105:25:38 (Aldrin): “This is the LM pilot. I’d like to take this opportunity to ask every person listening in, whoever and wherever they may be, to pause for a moment and contemplate the events of the past few hours and to give thanks in his or her own way. Over.”
Aldrin had brought conscecrated bread and wine with him in his “Personal Preference Kit” that his pastor provided. Before receiving the sacrament, Aldrin read from John’s Gospel, Chapter 15, Verse 5:
I am the vine, you are the branches; he who abides in Me and I in him, he bears much fruit, for apart from Me you can do nothing. (NASB)
On this, the 40th Anniversary of the first Holy Communion received on the Moon, let us all give thanks for God’s blessings on the great United States of America, through His son, Jesus Christ.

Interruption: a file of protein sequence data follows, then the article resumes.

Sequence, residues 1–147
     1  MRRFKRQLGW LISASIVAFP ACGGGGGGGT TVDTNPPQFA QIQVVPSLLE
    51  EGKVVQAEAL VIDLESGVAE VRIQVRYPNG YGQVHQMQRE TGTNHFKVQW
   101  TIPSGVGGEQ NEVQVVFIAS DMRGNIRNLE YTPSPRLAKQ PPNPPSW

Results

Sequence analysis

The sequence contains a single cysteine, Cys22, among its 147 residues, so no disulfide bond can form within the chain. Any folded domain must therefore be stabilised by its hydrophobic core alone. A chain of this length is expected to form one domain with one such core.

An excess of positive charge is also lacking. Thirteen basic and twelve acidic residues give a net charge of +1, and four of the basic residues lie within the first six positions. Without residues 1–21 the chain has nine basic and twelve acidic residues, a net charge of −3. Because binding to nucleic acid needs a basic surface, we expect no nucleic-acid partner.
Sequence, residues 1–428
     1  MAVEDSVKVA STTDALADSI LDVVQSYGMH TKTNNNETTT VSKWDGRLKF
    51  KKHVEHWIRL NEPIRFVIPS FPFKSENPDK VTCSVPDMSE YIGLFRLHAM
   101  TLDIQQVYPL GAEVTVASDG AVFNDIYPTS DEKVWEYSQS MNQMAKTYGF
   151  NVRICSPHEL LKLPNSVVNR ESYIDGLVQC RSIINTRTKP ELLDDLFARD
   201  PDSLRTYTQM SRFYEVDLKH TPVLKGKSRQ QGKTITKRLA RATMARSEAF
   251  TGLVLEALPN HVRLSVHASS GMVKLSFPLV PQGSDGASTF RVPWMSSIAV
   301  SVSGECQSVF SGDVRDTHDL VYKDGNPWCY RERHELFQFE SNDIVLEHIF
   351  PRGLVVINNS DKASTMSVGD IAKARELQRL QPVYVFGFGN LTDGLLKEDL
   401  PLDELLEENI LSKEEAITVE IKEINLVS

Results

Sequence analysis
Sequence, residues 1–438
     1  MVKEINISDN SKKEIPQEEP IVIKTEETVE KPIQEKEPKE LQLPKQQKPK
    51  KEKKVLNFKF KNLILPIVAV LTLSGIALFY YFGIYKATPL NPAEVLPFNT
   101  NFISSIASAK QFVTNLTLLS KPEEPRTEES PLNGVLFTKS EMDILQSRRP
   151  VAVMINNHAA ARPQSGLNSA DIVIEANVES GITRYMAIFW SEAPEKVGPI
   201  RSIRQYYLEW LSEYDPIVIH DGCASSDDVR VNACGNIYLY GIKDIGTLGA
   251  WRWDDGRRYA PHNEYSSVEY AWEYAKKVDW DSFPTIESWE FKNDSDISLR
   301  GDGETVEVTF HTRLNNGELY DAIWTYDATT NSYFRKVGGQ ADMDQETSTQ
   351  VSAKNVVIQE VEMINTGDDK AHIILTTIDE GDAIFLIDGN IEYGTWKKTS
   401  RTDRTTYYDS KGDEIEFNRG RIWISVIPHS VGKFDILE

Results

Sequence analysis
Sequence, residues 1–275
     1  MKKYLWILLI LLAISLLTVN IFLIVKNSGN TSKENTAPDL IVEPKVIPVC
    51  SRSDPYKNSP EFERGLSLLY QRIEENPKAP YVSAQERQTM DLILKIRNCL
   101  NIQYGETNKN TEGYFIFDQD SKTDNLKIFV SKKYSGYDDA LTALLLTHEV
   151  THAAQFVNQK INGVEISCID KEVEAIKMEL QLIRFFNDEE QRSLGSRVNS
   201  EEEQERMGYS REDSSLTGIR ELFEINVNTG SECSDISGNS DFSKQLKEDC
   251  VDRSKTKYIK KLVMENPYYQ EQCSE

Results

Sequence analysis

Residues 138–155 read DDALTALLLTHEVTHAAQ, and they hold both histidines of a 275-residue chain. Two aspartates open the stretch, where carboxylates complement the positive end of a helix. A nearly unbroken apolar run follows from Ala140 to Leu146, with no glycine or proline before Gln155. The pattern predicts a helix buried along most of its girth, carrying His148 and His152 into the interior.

The original Apollo 11 flight plan had the crew enter a rest period for about four hours after landing and clearance to stay on the Moon. How they expected anybody to calm down and rest at that point is anybody’s guess.
Before launch, Armstrong and Aldrin had planned to ask for an early EVA.
104:39:14 (CDR): “Our recommendation at this point is planning on an EVA, with your concurrence, starting at about 8 o’clock this evening, Houston time. That is about three hours from now.”
104:39:40 (CAPCOM): “Tranquility Base, Houston. We thought about; we will support it. We’re GO at that time.”
In about four hours, man will set foot on the Moon!
At 102:21:46, Mission Control cleared Eagle at Tranquility Base for extended surface operations, including man’s first steps on the Moon!
At 102:51:45, Mission Control radioed Eagle that they were STAY for the “T2” liftoff point, guaranteeing them at least a two-hour stay on the Moon. The next point that they could lift off to rendezvous with Columbia wouldn’t happen until Columbia circled the Moon again.